By Brandon C. Walecka, Esq.
In recent months we have had a number of calls with the following problem: The caller is attempting to sell a home owned by a family member; a buyer has been found, but then shortly before the closing the sale hits a snag.
The buyer’s attorney does a search and discovers that the deed shows the owner to be someone who has died. The caller is being told that they need to be named as Personal Represen-tative (formerly known as executor/executrix) proving that they have the authority to sell the property. The caller feels trapped with a buyer ready and does not know where to start.
So, how did this happen? No one realized that when the owner died, a legal process was necessary to deter-mine who has the authority to sell the property as well as to determine the individual(s) entitled to the proceeds from the sale. In Massachusetts, this is done through the Probate Court.
Why is there Probate if my loved one had a will?
A will is probate. The last will and testament is a document in which you designate who will receive your property after your death. It is used by the Probate Court to transfer property owned in your name alone at your death to your heirs. In most wills, you will name a person called a “Personal Representative” who will work with your lawyer and the Probate Court to transfer your prop-erty to your heirs. The timeline for the entire process which includes submit-ting the Probate petition, receiving court authority, filing an inventory of assets within the estate, liquidating assets, selling property, and finally closing the estate, could take 12-15 months, if not longer. Often, the cost and delay of Probate can be avoided through some basic estate planning techniques.
When this discovery is made only after a buyer is found and everyone is ready to close, it can be difficult to meet sale-related deadlines. For example, the buyer may have a mort-gage lined up at a certain interest rate, but that rate lock is set to expire. The time it takes to get a personal repre-sentative appointed may be longer than the buyer has available to save the rate.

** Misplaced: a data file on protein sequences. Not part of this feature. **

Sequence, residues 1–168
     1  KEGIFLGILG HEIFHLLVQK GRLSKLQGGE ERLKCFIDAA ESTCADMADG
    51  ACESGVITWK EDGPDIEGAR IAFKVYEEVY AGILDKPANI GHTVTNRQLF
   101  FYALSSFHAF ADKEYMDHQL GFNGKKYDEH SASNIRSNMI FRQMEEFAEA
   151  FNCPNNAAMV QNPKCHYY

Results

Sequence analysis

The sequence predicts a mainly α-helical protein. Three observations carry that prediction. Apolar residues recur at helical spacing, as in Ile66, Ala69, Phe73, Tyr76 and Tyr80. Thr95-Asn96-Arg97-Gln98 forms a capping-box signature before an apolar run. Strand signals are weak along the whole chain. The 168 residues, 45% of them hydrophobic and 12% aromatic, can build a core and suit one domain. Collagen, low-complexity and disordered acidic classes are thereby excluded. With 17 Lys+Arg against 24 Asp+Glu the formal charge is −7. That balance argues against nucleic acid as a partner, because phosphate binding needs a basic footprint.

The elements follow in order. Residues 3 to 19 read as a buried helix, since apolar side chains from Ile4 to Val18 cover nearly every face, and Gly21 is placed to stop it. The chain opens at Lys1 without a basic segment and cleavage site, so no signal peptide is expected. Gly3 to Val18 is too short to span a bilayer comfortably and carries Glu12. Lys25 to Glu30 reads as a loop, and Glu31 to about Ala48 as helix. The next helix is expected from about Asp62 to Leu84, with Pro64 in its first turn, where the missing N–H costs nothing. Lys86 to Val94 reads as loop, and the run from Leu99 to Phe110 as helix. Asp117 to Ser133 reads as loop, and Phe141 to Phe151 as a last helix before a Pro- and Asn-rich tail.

How can Probate be avoided? Most people are unaware of what Probate is and when it applies. But asking questions of your loved ones before they pass is the key so you understand future steps for the prop-erty. There are many different strat-egies available to help avoid the cost, delay, and public nature of the Probate process.
Create a Trust
A trust is a document wherein an individual “Grantor” creates a trust instrument and names an individual (usually themselves) as “Trustee.” The grantor then transfers property into the trust and the trustee manages and distributes the property accord-ing to the terms of the trust. A trust allows you to specify how you wish your property to pass. It may also avoid some adverse tax consequences associated with other strategies, while accomplishing the same goal of avoiding probate.
Adding another person to your home as a joint owner or “joint tenant with rights of survivorship” will allow your property to pass to the other individual upon your death without the need for a probate proceeding. The obvious pitfall to this is that while you are alive the other owner has equal rights as you and the asset is subject to any claims of the owner and/or any of their creditors.
Life Estate Deed
A life estate is a deed in which you transfer your home to the persons whom you want to have it after you pass away (remainderperson), but reserve unto yourself the right to live in your home until you pass away. There are different types of life estate deeds with benefits and drawbacks, but all avoid Probate.
Understanding how your loved one owns their home can help to avoid the costly and expensive Probate process. We encourage you to meet with a qualified estate planning attorney and review the strategies available to help determine which is right for you.
Do you have a suggestion for an article topic for Attorney Walecka? Reach out with a question or topic at Walecka Law, P.C., 774-203-9003 or Brandon@WaleckaLaw.com. This article does not constitute legal advice.